In the Gulf of Mexico, a small cadre of recreational fishing interests spearheaded by the American Sportfishing Association, the Coastal Conservation Association and the Congressional Sportsmen’s Foundation are continuing their misguided assault against our nation’s public waters and marine fish resources.
Suffer no illusions, the ASA, the CCA, and the CSF want to shift federal management of our waters to the states to circumvent the Magnuson-Stevens Act and its successful mission to end overfishing by using science-based rebuilding timelines and annual catch limits. Their actions are a calculated move to devolve management to the states for the wealthiest of folks that can afford boats that can reach a deep water reef fish, while denying access to anglers that hire charter for-hire fishermen to meet the fishery and a stable commercial fishery that provides food and commerce security to thousands of restaurants and fish houses across the nation.
The Gulf’s recreational fishing interests have lost a number of touchstone initiatives to realize their public water grab: there have been a handful of bills from Gulf Congressmen to shift management to the states, a number of amendments on various bills to accomplish the same, and Garrett Graves’s (R-LA) H.R. 3094 “Gulf States Red Snapper Management Authority Act” that essentially shifts all control of red snapper to the states with tepid, if little, oversight of one of the Gulf’s most iconic species, none of which have garnered enough support to make it to the house floor.
At the Gulf Council level, these same recreational entities fought hard for an amendment to the reef fish management plan that would have allowed the five Gulf States to set their own management tools in the name of flexibility. Regional management would have allowed each state to manage their private recreational anglers by means that complied with the state’s cultural fishing norms, their historic tourism seasons, and any other factors that the states would have deemed useful to their anglers. But, at the last minute, as the charter for-hire fleet asked to stay within the more stable federal management system, the recreational lobby balked and pressed the states to suspend the push for regional management because it did not provide the flexibility they desired. The groups that wanted regional management, and are pushing this agenda hard through weak legislation like Graves’s, denied the opportunity to get what they had asked for the most: state management.
The good news: all of these attempts at public water thefts have failed, and Graves’s H.R. 3094 has a mere 7% chance of enactment.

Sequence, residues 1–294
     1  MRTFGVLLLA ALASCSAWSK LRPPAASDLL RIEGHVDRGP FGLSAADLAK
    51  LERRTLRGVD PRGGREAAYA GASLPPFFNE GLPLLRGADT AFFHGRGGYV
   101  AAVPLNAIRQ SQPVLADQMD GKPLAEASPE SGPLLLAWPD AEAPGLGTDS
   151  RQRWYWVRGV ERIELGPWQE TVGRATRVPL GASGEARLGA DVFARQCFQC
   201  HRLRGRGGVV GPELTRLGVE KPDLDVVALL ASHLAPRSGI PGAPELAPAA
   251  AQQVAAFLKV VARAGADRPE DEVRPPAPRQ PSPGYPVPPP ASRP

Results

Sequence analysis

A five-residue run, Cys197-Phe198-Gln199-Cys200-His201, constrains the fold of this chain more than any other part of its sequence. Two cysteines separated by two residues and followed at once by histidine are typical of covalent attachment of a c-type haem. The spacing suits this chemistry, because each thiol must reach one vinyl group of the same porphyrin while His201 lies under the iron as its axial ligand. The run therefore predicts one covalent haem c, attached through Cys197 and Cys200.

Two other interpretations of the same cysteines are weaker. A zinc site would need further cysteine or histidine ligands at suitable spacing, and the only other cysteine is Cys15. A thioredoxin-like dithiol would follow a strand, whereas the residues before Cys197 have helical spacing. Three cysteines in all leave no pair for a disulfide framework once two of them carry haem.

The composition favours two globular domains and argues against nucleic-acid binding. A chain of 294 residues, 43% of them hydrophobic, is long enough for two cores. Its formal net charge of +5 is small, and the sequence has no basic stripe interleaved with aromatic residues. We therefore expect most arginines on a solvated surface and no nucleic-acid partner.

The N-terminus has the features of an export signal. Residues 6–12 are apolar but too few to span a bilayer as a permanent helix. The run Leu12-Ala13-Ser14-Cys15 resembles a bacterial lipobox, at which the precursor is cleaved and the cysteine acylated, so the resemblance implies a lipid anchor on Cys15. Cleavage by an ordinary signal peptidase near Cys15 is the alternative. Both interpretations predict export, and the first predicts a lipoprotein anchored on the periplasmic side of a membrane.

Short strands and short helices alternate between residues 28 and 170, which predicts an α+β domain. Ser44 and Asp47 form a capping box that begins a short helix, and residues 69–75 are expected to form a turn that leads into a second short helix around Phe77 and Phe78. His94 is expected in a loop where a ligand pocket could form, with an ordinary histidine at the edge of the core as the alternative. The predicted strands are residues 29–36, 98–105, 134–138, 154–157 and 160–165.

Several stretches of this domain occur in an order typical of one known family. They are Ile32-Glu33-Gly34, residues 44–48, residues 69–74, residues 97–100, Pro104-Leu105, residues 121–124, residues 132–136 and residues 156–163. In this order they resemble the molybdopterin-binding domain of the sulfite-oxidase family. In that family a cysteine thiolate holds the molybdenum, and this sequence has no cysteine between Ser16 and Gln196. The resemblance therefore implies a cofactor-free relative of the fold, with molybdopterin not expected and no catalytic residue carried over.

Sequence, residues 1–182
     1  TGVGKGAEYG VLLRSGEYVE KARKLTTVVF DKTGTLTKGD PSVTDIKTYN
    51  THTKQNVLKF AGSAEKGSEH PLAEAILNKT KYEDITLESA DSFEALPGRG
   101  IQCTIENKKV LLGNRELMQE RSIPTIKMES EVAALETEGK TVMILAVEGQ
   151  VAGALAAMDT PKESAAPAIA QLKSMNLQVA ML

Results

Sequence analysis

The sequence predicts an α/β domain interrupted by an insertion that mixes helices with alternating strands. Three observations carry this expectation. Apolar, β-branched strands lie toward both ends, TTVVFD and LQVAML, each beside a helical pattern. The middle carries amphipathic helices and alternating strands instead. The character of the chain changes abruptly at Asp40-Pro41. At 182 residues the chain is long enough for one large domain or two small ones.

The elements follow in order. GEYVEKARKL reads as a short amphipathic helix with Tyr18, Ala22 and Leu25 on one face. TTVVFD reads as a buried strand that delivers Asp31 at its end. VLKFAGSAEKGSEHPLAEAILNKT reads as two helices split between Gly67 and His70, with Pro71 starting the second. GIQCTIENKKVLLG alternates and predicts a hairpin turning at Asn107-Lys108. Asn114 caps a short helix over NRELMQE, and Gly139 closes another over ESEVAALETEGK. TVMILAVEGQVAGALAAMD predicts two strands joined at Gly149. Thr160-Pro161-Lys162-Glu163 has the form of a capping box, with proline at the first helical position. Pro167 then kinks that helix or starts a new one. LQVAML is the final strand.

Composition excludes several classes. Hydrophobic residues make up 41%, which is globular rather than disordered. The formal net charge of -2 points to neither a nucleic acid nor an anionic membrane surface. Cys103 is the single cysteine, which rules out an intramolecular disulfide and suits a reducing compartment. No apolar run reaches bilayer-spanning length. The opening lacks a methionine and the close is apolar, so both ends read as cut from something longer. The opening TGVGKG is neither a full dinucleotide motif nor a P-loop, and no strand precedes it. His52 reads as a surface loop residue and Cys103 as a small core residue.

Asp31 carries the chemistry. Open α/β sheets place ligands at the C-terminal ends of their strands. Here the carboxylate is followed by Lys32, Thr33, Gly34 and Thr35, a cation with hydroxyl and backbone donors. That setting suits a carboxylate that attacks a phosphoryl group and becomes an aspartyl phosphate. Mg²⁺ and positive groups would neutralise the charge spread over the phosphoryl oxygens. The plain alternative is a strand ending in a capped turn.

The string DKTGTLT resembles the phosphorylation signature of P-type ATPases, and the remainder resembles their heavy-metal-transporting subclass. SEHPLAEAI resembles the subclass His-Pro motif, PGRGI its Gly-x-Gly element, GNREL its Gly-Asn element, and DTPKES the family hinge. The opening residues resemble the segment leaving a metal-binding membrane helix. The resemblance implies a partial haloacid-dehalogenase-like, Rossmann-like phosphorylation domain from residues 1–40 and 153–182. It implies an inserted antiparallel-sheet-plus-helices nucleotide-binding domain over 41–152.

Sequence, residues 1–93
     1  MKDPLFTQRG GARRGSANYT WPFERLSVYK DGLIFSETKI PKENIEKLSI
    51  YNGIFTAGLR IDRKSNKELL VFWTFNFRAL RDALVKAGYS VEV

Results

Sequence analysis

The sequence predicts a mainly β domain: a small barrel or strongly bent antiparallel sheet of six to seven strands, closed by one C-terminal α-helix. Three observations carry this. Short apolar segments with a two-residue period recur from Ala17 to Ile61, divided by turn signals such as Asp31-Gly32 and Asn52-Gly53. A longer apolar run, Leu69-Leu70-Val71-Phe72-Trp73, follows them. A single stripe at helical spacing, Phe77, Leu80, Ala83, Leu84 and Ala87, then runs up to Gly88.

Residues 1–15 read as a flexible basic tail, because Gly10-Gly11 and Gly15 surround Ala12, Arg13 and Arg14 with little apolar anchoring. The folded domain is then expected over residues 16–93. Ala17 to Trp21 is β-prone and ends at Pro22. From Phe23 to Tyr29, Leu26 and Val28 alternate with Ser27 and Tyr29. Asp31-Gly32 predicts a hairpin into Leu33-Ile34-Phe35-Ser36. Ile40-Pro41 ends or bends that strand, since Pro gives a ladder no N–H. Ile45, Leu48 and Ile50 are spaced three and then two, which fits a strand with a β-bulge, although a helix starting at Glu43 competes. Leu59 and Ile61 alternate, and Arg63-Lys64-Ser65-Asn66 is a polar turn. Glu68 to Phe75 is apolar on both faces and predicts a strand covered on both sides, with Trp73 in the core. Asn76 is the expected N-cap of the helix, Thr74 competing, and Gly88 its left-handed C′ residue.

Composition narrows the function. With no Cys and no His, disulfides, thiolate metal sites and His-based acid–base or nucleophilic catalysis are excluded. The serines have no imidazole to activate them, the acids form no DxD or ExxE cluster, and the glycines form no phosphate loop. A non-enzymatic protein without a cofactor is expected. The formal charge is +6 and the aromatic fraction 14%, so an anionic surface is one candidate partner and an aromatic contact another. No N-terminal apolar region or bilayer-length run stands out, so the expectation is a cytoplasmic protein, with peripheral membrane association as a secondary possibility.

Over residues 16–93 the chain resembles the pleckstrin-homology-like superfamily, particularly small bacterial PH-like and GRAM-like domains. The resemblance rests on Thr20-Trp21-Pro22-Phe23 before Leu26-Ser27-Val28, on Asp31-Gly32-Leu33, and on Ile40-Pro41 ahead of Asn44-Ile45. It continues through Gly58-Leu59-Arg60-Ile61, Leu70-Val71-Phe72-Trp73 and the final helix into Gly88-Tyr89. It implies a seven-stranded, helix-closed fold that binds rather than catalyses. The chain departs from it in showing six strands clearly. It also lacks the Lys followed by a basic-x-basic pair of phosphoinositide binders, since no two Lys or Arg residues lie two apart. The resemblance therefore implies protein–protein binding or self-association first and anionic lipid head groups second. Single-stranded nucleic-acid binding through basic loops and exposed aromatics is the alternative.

The bad news: Senator David Vitter has forced a hearing in the Senate’s Small Business & Entrepreneurship Committee to discuss extending state-water jurisdiction for Alabama, Louisiana, and Mississippi from its historical 3-miles to nine and loosening the Magnuson-Stevens Act’s science-based rebuilding timelines and annual catch limits, in an end-around move to accomplish the recreational mission to grab our nation’s public water resources.
Ironically—comically, if it wasn’t so sad—Senator Vitter is basing his rationale for the increased state-water limits on a failed narrative that the current three-mile limit is negatively affecting small business owners across the Gulf, while at the same time the American Sportfishing Association’s Sportfishing in America contradicts this by stating that recreational fishing profits have grown consistently since 2006, with the Southeast leading the growth in sales, in recruiting new anglers to the sport, and in most sales of fishing licenses in the nation. From where I am sitting, this suggests the fishing tackle industry is healthy and on an upward trajectory.
When you deconstruct this issue, extending state-water jurisdictions will only increase the pressure on the Gulf’s small businesses, while imperiling the red snapper stock’s rebuilding plan and the short seasons we have now. With the sixty-percent increase in state waters for the three states mentioned above, we also have a substantial increase of effort and catch that will have to be accounted for somewhere. Where will that extra pressure on more state waters with long, liberal seasons come from? There is only one place: the federal-water season.
Vitter’s 6-mile extension will exacerbate the red snapper fishery’s chaos, and chaos is the antithesis of stable business models. Stability is what businesses desire, like the stable growth the fishing industry has experienced since 2006, the MSA reauthorization year that adopted science-based rebuilding timelines and annual catch limits.
If shorter federal-water seasons negatively impact the Gulf’s small businesses, as the recreational lobby’s narrative has stated but been refuted by its own economic reports, how will extending state waters now provide more business stability and better economics, when shorter federal-water seasons decrease boat and tackle sales, as their story goes?
Maybe, just maybe, the answer is obvious: it’s simply a continuation of the state land grab of federal public resources that have appeared to become the current norm, which most other sportsmen have rightly and thoughtfully railed against. Let’s politely ask the Gulf fringe to peacefully deescalate and play fair for all 300-million Americans, the Gulf commercial fleet, the charter for-hire fleet, and tourists, not just Gulf of Mexico private recreational fishermen.